Background: Research evidence strongly suggests that Adverse Childhood Experiences (ACEs) predispose individuals to development of an increased sensitivity to stress and negative physical and mental health outcomes in adulthood. Purpose: To determine if there was a relationship between the number of ACEs reported by first semester BSN students and their reported level of Burnout and Depression. Methods: 211 students enrolled in the first semester of upper division courses of their BSN program completed self-report questionnaires which measured the number of ACEs, the level of Depression and the level of Burnout. Results: The number of reported ACEs by participants had a significant relationship on the levels of burnout and severity of depressive symptoms. Female students with a higher number of ACEs were more likely to report higher levels of Burnout A (Emotional Exhaustion) and Burnout B (Depersonalization), and higher depression severity scores compared to males. Conclusion: Nursing programs should educate faculty concerning the frequency and range of adverse experiences that students may have had prior to admission to the nursing program, and the possible relationship with Burnout and Depression. Faculty can provide early information on counseling and support services.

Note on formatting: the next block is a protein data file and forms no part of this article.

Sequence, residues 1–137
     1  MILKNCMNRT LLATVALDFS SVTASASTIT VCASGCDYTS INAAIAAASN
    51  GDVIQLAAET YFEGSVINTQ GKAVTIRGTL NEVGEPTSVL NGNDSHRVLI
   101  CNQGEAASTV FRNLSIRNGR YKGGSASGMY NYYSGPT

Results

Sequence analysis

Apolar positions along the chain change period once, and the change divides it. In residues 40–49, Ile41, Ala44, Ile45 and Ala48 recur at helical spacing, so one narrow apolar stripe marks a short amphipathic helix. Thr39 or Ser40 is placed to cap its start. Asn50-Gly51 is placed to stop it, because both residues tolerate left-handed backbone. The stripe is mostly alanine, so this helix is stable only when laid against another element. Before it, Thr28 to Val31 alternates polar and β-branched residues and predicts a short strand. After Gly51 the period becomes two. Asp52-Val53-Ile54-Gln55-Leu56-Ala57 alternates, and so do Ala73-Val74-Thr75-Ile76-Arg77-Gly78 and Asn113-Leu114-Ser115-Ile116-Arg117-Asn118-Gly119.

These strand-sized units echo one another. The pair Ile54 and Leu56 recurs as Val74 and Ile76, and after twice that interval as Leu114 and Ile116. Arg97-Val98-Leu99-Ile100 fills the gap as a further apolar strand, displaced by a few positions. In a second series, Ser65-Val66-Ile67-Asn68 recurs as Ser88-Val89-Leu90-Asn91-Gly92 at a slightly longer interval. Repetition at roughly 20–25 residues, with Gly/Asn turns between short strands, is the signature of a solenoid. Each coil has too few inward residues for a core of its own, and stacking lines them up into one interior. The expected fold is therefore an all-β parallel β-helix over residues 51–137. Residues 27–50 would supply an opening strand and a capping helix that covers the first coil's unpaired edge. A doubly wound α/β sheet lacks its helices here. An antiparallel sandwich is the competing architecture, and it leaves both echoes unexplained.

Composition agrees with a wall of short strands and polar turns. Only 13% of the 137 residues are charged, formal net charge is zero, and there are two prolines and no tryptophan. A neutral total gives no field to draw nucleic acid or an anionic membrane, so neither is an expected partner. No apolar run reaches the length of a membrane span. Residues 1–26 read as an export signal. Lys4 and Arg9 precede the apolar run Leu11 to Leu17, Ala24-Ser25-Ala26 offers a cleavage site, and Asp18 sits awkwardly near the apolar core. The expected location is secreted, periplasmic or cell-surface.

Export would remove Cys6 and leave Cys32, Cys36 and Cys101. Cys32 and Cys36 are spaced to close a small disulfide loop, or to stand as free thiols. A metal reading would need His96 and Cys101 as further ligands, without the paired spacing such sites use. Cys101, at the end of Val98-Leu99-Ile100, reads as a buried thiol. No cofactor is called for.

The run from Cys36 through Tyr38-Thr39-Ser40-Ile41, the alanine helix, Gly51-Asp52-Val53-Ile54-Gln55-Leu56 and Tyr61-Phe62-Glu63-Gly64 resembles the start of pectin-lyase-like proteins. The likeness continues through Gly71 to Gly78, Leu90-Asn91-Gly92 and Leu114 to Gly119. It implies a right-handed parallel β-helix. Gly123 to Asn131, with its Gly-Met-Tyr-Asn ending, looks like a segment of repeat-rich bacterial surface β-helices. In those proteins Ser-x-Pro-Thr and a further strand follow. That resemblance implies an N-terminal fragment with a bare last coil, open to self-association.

- Burnout in nursing students
- Childhood adversity
- Depression in nursing students
- Stress in nursing students
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